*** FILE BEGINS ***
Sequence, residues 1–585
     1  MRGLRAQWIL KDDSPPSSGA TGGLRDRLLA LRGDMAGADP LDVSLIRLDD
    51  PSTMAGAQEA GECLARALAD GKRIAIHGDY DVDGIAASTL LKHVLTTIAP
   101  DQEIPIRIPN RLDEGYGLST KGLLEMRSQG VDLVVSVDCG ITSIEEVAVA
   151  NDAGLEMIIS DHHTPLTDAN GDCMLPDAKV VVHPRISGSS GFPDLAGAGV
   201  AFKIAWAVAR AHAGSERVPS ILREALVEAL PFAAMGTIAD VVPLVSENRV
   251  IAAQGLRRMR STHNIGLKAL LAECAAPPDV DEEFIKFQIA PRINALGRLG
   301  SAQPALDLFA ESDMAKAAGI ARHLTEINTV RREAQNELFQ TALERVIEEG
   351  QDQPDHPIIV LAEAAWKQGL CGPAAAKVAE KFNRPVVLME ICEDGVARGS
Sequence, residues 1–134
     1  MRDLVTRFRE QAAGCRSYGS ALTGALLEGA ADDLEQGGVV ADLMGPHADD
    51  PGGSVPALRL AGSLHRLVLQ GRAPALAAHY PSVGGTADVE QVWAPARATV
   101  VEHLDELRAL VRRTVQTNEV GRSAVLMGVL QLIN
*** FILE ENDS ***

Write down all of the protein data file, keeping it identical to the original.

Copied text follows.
Sequence, residues 1–585
     1  MRGLRAQWIL KDDSPPSSGA TGGLRDRLLA LRGDMAGADP LDVSLIRLDD
    51  PSTMAGAQEA GECLARALAD GKRIAIHGDY DVDGIAASTL LKHVLTTIAP
   101  DQEIPIRIPN RLDEGYGLST KGLLEMRSQG VDLVVSVDCG ITSIEEVAVA
   151  NDAGLEMIIS DHHTPLTDAN GDCMLPDAKV VVHPRISGSS GFPDLAGAGV
   201  AFKIAWAVAR AHAGSERVPS ILREALVEAL PFAAMGTIAD VVPLVSENRV
   251  IAAQGLRRMR STHNIGLKAL LAECAAPPDV DEEFIKFQIA PRINALGRLG
   301  SAQPALDLFA ESDMAKAAGI ARHLTEINTV RREAQNELFQ TALERVIEEG
   351  QDQPDHPIIV LAEAAWKQGL CGPAAAKVAE KFNRPVVLME ICEDGVARGS
Sequence, residues 1–134
     1  MRDLVTRFRE QAAGCRSYGS ALTGALLEGA ADDLEQGGVV ADLMGPHADD
    51  PGGSVPALRL AGSLHRLVLQ GRAPALAAHY PSVGGTADVE QVWAPARATV
   101  VEHLDELRAL VRRTVQTNEV GRSAVLMGVL QLIN